Joke answer? Murdercock seeks the largest prey.
Honest joke answer? >Turn ons include: mature fun, equality>Turn offs include: grim maturity, childishness, clowns, childish grim clowns
The biggest clue is how dismissive she is of Greg early on. Saying it was fun to play with him in her song, laughing when against all odds and advice he sincerely attempted to gain a closer connection on her terms. Pearl outright saying he’s a passing game she would soon forget, all implying she treated her human lovers like a string of Spinels.
But Greg kept at it. He was a nice guy but wasn’t dumb. He began a bit more emotionally mature in how he approached relationships, but they were ultimately both young adults who learned together what it meant to actually be in a serious and stable adult relationship.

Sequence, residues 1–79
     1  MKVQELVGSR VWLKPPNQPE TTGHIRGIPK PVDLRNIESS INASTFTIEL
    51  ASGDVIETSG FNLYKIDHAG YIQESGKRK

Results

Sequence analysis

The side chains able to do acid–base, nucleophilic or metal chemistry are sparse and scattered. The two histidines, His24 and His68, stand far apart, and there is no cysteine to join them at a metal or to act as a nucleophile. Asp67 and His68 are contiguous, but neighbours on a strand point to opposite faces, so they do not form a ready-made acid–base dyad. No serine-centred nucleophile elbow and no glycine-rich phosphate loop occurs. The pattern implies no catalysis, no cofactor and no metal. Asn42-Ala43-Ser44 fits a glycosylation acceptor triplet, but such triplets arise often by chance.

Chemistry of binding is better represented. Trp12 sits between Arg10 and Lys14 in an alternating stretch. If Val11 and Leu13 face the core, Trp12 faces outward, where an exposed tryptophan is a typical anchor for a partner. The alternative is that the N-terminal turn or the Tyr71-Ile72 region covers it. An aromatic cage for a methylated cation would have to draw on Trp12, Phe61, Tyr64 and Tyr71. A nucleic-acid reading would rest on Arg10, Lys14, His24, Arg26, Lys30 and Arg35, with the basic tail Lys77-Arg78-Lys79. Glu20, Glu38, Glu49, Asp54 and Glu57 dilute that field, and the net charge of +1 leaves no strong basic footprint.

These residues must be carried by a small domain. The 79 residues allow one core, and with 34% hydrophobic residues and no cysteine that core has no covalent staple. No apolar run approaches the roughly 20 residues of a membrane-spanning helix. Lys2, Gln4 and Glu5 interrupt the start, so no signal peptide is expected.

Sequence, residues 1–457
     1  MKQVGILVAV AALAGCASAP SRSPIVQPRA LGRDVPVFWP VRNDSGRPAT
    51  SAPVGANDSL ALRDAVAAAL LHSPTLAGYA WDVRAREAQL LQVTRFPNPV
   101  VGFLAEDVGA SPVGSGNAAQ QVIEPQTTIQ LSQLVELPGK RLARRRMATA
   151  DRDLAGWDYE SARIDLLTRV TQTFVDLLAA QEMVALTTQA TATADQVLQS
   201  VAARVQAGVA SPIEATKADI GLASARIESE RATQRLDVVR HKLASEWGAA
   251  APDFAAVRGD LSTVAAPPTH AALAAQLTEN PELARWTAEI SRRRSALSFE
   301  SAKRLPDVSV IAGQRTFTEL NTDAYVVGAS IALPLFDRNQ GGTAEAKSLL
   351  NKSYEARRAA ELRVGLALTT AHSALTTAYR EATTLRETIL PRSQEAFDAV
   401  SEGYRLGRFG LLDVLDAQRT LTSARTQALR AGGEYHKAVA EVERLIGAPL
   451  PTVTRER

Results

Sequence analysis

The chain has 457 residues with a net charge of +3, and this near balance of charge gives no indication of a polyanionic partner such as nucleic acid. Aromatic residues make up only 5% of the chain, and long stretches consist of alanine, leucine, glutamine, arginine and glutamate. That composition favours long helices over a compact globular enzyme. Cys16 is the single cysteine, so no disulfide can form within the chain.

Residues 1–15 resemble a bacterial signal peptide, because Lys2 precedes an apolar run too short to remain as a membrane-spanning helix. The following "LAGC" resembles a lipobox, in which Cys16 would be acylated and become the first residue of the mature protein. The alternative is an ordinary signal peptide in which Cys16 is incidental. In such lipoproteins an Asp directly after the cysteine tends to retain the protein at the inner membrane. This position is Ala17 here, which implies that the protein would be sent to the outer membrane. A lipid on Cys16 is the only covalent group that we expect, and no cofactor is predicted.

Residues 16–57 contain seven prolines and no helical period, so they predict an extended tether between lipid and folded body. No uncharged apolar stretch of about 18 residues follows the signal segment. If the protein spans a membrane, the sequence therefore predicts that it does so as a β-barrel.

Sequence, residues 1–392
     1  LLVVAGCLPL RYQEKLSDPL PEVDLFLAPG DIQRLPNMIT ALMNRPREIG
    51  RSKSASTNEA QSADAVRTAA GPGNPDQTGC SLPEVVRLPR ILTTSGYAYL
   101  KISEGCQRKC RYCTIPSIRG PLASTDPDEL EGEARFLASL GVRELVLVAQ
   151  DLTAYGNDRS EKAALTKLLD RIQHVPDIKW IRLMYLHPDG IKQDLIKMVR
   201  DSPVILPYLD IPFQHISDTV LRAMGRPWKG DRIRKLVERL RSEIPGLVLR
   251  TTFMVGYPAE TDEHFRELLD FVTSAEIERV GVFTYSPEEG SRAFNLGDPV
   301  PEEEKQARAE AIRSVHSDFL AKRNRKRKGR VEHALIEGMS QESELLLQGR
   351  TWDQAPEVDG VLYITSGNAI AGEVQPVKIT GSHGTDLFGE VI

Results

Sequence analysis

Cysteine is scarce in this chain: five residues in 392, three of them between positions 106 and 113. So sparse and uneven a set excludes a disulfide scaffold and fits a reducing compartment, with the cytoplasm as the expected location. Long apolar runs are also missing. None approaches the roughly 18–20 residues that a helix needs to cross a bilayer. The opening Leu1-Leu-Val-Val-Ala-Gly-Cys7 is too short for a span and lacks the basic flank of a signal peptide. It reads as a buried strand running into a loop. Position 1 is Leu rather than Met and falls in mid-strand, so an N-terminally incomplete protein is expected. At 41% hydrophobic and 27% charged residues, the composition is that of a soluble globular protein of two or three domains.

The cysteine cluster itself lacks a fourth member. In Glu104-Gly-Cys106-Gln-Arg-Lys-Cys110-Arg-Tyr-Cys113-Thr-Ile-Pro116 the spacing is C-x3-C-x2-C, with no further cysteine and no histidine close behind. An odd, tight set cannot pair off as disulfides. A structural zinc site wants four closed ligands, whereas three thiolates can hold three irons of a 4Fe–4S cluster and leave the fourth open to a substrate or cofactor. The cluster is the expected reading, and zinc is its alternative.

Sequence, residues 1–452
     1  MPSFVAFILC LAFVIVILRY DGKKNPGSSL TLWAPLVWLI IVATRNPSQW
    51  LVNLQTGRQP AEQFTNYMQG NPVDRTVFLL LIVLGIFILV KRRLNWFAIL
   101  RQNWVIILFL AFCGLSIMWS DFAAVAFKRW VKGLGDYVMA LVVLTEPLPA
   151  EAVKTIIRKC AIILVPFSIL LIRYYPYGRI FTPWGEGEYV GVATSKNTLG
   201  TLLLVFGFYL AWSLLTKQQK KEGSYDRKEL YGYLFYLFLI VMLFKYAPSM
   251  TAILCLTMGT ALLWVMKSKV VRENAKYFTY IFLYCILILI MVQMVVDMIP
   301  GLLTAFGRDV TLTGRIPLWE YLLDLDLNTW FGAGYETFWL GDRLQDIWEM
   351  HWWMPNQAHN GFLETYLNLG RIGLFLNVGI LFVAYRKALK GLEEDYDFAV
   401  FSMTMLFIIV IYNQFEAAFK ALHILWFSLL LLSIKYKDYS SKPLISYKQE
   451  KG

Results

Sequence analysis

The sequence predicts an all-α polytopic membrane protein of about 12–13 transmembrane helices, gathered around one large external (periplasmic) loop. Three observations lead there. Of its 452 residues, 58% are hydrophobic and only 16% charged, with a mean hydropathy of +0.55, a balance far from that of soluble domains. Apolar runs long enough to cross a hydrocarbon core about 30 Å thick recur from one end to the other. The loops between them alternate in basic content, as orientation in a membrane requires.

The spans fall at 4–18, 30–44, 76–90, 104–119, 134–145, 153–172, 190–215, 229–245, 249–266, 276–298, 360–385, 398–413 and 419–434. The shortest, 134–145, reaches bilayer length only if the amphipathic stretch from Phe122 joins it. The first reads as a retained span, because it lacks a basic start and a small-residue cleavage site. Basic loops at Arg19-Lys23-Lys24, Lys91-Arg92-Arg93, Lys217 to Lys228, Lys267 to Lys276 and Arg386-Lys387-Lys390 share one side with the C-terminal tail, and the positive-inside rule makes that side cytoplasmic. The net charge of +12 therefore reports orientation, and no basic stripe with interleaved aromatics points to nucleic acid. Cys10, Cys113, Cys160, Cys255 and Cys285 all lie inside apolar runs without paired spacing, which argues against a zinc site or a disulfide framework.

Garnet and Pearl’s reaction to it all is actually a good rebuke of people who say Fusion is only a metaphor for sex. To Pearl, Fusion was the pinnacle and end goal of a relationship, but remember that she sees Fusion as a means of escaping herself into the identity of her partner until much later. Garnet saw romance as romance, with Fusion just a Gem-specific means of connecting to each other among the many other ways, despite literally being “the Fusion Gem”.
Garnet knows this, even if her teenage parts have to learn that talking is the life blood of a true relationship later on. That factors into what Garnet as a Fusion truly represents, a mature relationship. Something she recognized immediately in where Rose and Greg were going. In order words, she saw her own kind between them even if they couldn’t ever actually merge like her. Which she later saw in Stevonnie too, teaching them the same lessons the same way she learned. With the exception of “be good for each other rather than only good together” which Steven had to teach Ruby and Sapphire before Garnet could teach him with the proposal.